29 Sep 2008, Comments Off on Brave


Author: Helen

Far from wanting my children to grow up like mini-me, I rejoice the most in the ways they’re not like me. One thing I admire about them is their physical courage. Girlchild learned to ride a horse in a fraction of the time it took me, and she took to downhill skiing immediately. Both of them love scary rides.

I am an abject coward, never more so than at a fun fair like the Royal Show. The ferris wheel, to me, is a white-knuckle ride. I’ve been on the Scenic Railway and the Big Dipper at Luna park, once each, so I could say I’d done it, and I fully expected to die the whole way. But Boychild and Girlchild love those really big rides, the ones the size of giant cranes or tall buildings which roar and scissor their way about like giant enraged robots, with human bodies as soft and vulnerable as shellfish in their steel-and-vinyl padded grip.

“That one!” says Boychild, pointing to the Hangover, a leviathan with two long blade-like structures which scream overhead with its seats, or cages, upside down at the dizzy height of the arc. He’s already been on the Hard Rock, a huge swinging claw which rotates as it swings hundreds of metres through the air.

“Are you sure about that love?” asks the Carnie at the ticket window. “Just that a lot of them ask to get off once they’re up there, and then they can’t get a refund,” she tells me apologetically. “That’ll be OK,” I reply, and we understand that I’m saying I won’t ask for a refund.

As the riders pack into the right-side-up contraption I notice he’s right at the front. The great swinging blades have seats in them one behind the other, but Boychild’s got the first. I would really rather he’d been sitting with people in front of him. I can’t imagine how scary it’s going to be. A tough, tattooed Carnie snaps the padded seat cover shut. I can’t help thinking that my child’s life is in the hands of this complete stranger. What if he didn’t snap it shut completely?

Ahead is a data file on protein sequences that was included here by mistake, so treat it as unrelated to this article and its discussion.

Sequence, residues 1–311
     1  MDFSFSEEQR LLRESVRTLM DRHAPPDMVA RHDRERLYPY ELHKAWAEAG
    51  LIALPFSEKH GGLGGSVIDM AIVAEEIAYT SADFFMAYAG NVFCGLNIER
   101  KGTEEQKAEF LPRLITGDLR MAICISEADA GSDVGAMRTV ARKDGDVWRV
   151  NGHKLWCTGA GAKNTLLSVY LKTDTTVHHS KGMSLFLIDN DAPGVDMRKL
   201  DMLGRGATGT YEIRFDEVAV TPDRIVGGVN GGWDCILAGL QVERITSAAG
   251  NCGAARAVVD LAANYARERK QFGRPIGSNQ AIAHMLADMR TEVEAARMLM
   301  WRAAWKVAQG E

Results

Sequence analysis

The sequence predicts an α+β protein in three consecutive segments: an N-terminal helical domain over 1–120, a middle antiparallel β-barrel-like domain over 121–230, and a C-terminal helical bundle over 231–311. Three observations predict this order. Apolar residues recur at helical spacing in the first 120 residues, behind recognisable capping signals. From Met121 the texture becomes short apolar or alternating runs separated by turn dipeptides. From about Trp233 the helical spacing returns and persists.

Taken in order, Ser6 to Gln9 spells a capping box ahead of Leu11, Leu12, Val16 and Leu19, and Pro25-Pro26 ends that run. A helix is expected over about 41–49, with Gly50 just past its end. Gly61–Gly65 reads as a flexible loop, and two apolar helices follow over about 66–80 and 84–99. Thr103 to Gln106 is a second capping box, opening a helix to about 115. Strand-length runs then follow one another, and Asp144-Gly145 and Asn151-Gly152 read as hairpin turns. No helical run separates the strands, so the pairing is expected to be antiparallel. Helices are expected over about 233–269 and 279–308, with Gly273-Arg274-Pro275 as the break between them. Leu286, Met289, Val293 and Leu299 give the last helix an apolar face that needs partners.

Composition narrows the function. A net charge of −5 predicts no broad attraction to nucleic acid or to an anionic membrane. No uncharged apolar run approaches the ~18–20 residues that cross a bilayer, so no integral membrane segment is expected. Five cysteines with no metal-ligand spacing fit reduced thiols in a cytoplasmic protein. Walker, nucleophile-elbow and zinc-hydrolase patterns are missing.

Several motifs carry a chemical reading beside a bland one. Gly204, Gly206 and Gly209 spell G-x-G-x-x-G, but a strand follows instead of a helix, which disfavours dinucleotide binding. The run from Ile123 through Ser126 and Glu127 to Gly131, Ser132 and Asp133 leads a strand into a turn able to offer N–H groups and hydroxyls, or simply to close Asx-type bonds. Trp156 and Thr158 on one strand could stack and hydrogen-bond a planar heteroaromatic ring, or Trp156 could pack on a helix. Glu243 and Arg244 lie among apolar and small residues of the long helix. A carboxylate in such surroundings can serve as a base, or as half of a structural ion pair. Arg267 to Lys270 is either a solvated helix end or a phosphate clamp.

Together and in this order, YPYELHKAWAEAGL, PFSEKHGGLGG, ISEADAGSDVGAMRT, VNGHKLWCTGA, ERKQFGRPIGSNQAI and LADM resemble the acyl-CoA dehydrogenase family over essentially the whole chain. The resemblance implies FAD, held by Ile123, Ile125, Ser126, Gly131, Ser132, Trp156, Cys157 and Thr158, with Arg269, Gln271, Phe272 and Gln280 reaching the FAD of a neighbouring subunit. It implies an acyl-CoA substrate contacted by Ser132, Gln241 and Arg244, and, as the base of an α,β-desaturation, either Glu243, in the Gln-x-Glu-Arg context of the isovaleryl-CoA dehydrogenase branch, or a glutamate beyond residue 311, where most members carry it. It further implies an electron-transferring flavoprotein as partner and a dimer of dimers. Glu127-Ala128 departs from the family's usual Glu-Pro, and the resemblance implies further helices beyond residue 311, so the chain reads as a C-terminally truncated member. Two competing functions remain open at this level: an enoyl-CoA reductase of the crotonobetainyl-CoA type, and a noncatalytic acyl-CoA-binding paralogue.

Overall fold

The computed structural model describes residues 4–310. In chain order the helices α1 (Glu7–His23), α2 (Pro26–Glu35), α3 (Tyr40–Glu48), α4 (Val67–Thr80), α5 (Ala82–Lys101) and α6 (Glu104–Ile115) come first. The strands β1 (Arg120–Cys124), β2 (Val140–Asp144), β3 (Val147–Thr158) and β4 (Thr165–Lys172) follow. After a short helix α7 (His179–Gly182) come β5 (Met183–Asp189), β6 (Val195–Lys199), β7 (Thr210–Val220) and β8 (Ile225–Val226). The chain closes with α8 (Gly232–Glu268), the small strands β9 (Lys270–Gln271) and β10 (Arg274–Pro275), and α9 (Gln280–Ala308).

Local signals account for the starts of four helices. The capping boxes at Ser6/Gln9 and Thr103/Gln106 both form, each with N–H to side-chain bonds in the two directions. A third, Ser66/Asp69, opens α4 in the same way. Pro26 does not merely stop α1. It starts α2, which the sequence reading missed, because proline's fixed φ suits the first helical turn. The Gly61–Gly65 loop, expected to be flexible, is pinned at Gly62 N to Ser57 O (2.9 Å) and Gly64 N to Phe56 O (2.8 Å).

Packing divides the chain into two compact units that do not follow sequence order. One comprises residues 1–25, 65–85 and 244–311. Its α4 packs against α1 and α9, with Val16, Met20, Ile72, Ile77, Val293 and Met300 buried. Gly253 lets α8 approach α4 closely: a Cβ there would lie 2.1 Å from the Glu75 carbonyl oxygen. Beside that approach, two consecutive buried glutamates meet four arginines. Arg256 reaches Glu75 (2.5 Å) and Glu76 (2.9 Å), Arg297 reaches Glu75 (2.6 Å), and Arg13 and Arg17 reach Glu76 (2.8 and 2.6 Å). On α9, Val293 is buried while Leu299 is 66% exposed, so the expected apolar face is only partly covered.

Yes, he’ll be OK, but I am not OK. As the giant machine starts to warm up I find myself turning to look at the sideshows, to grope for a drink of water, to do anything but watch. Then I turn around for a quick look.

The machine is high, so high and so fast. The blade thing screams around and then hangs in mid-air, the people upside down and screaming. I can see boychild in his red T shirt and white volleys in the front seat, so far away up in the sky. I’m imagining that he must be beside himself with fear, regretting getting on the thing. I gear up to comfort a traumatised, sobbing child. My stomach clutches.

A mere speck in the sky, I can just see him. Quickly, before the machine gathers momentum and comes screaming down, he sees me, sticks one hand up, and gives me a little grin and a wave.


Comments (0)

  • shula says:

    What I want to know is,

    How come we don’t get paid to watch.

    For me, it’s like dying.

  • Helen says:

    And it’s kind of a metaphor for when they get out in the outside world and you can’t protect them any more… you have to trust in humans looking out for each other, you can’t be there to snap down that seat cover. My nephew’s on a plane to Munich right now…

  • armagny says:

    Teh Fear.

    I feel I will still have it, constantly, when Bear and Cub are in their 30s…. fairground rides particularly scare me though, given you rely on humans to take care, so kudos to you for trying not to look.

  • JahTeh says:

    I am still shattered by my one and only ride on the Mad Mouse at the show. I like my feet firmly on the ground.

  • Guido says:

    Everytime I go to the Show there seems to be more and more of these instruments of torture.

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